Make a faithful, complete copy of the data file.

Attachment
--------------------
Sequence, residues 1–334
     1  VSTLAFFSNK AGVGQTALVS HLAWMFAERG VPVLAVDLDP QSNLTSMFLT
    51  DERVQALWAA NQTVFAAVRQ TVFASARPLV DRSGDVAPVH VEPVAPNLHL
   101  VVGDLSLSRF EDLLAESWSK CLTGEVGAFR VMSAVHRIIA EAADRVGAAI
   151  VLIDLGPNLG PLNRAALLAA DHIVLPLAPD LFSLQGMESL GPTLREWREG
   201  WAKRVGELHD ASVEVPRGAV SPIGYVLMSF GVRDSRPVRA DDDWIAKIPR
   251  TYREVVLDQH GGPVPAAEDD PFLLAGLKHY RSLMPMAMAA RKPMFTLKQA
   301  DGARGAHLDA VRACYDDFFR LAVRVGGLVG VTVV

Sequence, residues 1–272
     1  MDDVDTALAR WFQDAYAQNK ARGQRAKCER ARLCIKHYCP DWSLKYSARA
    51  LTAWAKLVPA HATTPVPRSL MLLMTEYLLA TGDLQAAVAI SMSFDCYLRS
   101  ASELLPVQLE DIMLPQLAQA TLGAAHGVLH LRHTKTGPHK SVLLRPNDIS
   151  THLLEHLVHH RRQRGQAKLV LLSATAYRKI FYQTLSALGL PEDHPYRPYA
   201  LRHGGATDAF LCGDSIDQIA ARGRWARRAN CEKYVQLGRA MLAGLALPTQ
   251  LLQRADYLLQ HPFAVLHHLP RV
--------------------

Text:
Sequence, residues 1–334
     1  VSTLAFFSNK AGVGQTALVS HLAWMFAERG VPVLAVDLDP QSNLTSMFLT
    51  DERVQALWAA NQTVFAAVRQ TVFASARPLV DRSGDVAPVH VEPVAPNLHL
   101  VVGDLSLSRF EDLLAESWSK CLTGEVGAFR VMSAVHRIIA EAADRVGAAI
   151  VLIDLGPNLG PLNRAALLAA DHIVLPLAPD LFSLQGMESL GPTLREWREG
   201  WAKRVGELHD ASVEVPRGAV SPIGYVLMSF GVRDSRPVRA DDDWIAKIPR
   251  TYREVVLDQH GGPVPAAEDD PFLLAGLKHY RSLMPMAMAA RKPMFTLKQA
   301  DGARGAHLDA VRACYDDFFR LAVRVGGLVG VTVV

Sequence, residues 1–272
     1  MDDVDTALAR WFQDAYAQNK ARGQRAKCER ARLCIKHYCP DWSLKYSARA
    51  LTAWAKLVPA HATTPVPRSL MLLMTEYLLA TGDLQAAVAI SMSFDCYLRS
   101  ASELLPVQLE DIMLPQLAQA TLGAAHGVLH LRHTKTGPHK SVLLRPNDIS
   151  THLLEHLVHH RRQRGQAKLV LLSATAYRKI FYQTLSALGL PEDHPYRPYA
   201  LRHGGATDAF LCGDSIDQIA ARGRWARRAN CEKYVQLGRA MLAGLALPTQ
   251  LLQRADYLLQ HPFAVLHHLP RV